Photo Stories | Drinking Water A story based on the theme of World Water Day 2019

Impediments to Enjoyment of the Human Right to Water: An Insight on the 'Accessibility' Norm

Nandita Singh and Om Prakash Singh

28 January, 2020

 

Universal realization of the human right to water (HRW) can facilitate progress towards the UN Sustainable Development Goals (SDGs) by 2030. This right, which entitles everyone, without discrimination, to sufficient, safe, acceptable, physically accessible and affordable water for personal and domestic use, can be realized if certain basic norms related to water are adhered. According to the UN framework on HRW, these include availability, quality and accessibility. The accessibility norm further comprises four overlapping dimensions, namely, physical accessibility, economic accessibility (or affordability), non-discrimination and information accessibility. The standards set up for implementing these various norms in India were elaborated in a previous story dated 16 April 2019. However, enjoyment of the right continues to face challenges in both rural and urban areas because one or more of the above-stated norms remain unfulfilled. This has been illustrated through a series of photo stories published between May and October 2019. Impediments to fulfilment of the water 'availability' and 'quality' norms were examined in previous stories dated 30 November and 28 December 2019 respectively. This photo story takes a look at the third norm, namely, 'accessibility', which lays down that water and water facilities and services have to be accessible to everyone without discrimination. This norm is extremely significant for India where according to the Census of 2011, about two-thirds rural households and one-third urban households lacked access to water within domestic premises. More recent figures from 2018, as stated in the Comptroller and Auditor General (CAG) of India's Report on the National Rural Drinking Water Programme (NRDWP), show that populations living in as many as one-third rural habitations continue to traverse a distance of more than 100 meters to access a basic quantity of 40 liters per capita per day (lpcd). For those that lack physical access, affordability often becomes an additional challenge while women, children and other vulnerable or marginalized sections of population continue to bear the disproportionate burden of unequal water access. In this light, it is vital that the HRW norm regarding 'accessibility' is closely adhered. However, as will be discussed in this story, this norm remains blatantly unattained. Major impediments concerning physical accessibility include lack of adequate and safe water supply sources in or near habitations and at workplaces; poor operation and maintenance (O&M) of water supply systems; and irregularity of water supply. Economic accessibility is hindered by factors like the need to purchase water from private vendors in uncovered or quality-affected areas. The parameter of non-discrimination is impeded by factors like prevalence of strong patriarchy; parents' insensitivity of towards children's wellbeing; absence of safe water sources in schools; and overt and covert practice of social discrimination in different ways. Information accessibility is thwarted by absence of information, education and communication (IEC) regarding aspects like water quality, upkeep of community water sources, water supply disruptions, or avenues for complaint redressal with regard to water projects in operation. The title photo depicts the disproportionate burden borne by women and girls in fetching water from a distant source in the Thar Desert in Jaisalmer district of Rajasthan.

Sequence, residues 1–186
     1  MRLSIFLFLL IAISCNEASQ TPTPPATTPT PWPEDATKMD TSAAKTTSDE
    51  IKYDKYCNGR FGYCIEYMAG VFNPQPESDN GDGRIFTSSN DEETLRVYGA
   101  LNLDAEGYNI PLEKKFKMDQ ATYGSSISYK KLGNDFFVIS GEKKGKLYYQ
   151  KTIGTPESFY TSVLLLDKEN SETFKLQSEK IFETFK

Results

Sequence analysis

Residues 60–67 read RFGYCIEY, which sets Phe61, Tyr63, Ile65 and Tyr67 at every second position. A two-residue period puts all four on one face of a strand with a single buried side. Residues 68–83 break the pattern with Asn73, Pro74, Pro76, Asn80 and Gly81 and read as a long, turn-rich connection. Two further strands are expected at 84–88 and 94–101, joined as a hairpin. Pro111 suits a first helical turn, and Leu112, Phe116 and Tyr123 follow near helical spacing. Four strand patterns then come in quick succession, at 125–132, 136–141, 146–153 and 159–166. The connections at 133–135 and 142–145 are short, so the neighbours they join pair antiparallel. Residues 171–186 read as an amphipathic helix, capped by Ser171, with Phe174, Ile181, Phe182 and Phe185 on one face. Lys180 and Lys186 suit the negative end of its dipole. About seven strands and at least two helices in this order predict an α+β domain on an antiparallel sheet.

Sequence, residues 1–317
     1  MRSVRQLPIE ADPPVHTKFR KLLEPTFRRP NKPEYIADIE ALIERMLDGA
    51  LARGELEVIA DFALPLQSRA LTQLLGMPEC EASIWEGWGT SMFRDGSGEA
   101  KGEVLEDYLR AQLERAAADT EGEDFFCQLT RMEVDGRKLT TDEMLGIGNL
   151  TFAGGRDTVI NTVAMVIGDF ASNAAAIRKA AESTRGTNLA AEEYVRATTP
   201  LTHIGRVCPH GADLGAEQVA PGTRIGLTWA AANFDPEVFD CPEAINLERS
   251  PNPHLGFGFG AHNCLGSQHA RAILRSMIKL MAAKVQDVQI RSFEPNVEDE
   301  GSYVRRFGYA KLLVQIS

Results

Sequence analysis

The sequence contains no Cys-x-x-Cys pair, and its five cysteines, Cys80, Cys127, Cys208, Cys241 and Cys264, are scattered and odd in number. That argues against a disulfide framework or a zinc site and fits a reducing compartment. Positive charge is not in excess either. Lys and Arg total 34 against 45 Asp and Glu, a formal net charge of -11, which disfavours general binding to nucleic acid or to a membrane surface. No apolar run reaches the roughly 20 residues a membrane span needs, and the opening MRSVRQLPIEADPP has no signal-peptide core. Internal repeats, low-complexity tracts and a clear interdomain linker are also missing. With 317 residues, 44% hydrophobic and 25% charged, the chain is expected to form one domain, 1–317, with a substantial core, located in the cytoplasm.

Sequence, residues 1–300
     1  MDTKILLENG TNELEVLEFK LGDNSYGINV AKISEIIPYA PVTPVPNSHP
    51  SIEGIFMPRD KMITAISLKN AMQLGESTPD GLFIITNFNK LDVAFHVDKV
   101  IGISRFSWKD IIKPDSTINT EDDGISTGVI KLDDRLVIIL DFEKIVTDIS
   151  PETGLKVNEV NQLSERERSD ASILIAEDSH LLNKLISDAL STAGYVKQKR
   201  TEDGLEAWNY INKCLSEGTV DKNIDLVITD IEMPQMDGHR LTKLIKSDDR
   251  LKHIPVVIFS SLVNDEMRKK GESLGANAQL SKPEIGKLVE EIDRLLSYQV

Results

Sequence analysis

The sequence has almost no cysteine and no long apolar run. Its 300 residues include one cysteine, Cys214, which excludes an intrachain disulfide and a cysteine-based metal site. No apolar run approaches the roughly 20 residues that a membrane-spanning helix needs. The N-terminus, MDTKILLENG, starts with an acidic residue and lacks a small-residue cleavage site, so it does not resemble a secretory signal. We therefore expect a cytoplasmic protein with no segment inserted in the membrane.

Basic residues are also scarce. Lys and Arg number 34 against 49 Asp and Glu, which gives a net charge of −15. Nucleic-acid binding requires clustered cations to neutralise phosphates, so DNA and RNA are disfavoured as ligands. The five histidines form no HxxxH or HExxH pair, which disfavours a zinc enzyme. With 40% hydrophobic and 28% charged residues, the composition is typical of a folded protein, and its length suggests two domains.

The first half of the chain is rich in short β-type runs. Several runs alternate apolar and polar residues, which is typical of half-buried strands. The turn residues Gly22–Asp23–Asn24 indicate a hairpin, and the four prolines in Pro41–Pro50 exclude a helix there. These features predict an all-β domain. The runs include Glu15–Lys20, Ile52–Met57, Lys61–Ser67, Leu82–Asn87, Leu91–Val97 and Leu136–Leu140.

Accessing water at a river due to absence of adequate and regular water supply within the habitation in East Siang district, Arunachal Pradesh

 

Within the UN's normative framework on the HRW, physical accessibility is described as access to sufficient, safe and acceptable water within, or in the immediate vicinity, of the household. Also, the supply must be reliable and continuous, so that individuals can collect water at the times that they require. Accordingly, Government of India's (GoI) Strategic Plan, 2010-11 for drinking water security in rural India stipulates that by 2022, every household will be provided with access to 70 lpcd within the household premises or at a horizontal or vertical distance of not more than 50 meters. However, large-scale failures to meet the targets continue unabated. The CAG (2018) noted that only 77% rural habitations have been 'fully covered', while with respect to individual piped water supply (PWS) connections, GoI records (2019) reveal a coverage of a mere 18.3% rural households. This leaves millions without sufficient physical access to water for domestic and personal use, an instance of which is depicted in the photo above. This village has a spring-fed PWS but the water is insufficient and irregular, especially during the summer months, forcing women and girls to revert to the river located outside the habitation for accessing water.

 

 

 

Fetching water from a distant source late in the night in a slum in Mumbai, Maharashtra

 

The situation in urban India is no different with regard to the physical accessibility norm. The GoI has laid down an urban service level benchmark (SLB) of 100% water supply at the household level but in reality, slums and informal colonies continue to remain excluded from public water supply networks on a large scale. Under the Atal Mission for Rejuvenation and Urban Transformation (AMRUT), a target of providing water connections in 14 million urban households, including those in slums and informal colonies, by March 2020 was set. However, by 2019, an achievement of only 16.5% was reported. The above photo depicts the situation in a slum in Mumbai which lacks a proper water supply point, forcing the residents to travel to a far-off source where water is supplied late in the night. This photo was shot as late as 10 o'clock in the night.